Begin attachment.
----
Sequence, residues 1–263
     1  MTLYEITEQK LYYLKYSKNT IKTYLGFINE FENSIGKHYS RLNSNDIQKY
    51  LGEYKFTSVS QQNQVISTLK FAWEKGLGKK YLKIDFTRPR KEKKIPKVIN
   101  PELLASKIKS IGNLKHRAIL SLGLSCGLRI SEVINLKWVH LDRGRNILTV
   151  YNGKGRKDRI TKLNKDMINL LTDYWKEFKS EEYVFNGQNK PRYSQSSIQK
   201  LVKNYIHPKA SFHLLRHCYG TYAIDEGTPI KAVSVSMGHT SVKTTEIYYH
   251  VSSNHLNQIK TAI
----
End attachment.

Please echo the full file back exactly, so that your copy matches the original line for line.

Sequence, residues 1–263
     1  MTLYEITEQK LYYLKYSKNT IKTYLGFINE FENSIGKHYS RLNSNDIQKY
    51  LGEYKFTSVS QQNQVISTLK FAWEKGLGKK YLKIDFTRPR KEKKIPKVIN
   101  PELLASKIKS IGNLKHRAIL SLGLSCGLRI SEVINLKWVH LDRGRNILTV
   151  YNGKGRKDRI TKLNKDMINL LTDYWKEFKS EEYVFNGQNK PRYSQSSIQK
   201  LVKNYIHPKA SFHLLRHCYG TYAIDEGTPI KAVSVSMGHT SVKTTEIYYH
   251  VSSNHLNQIK TAI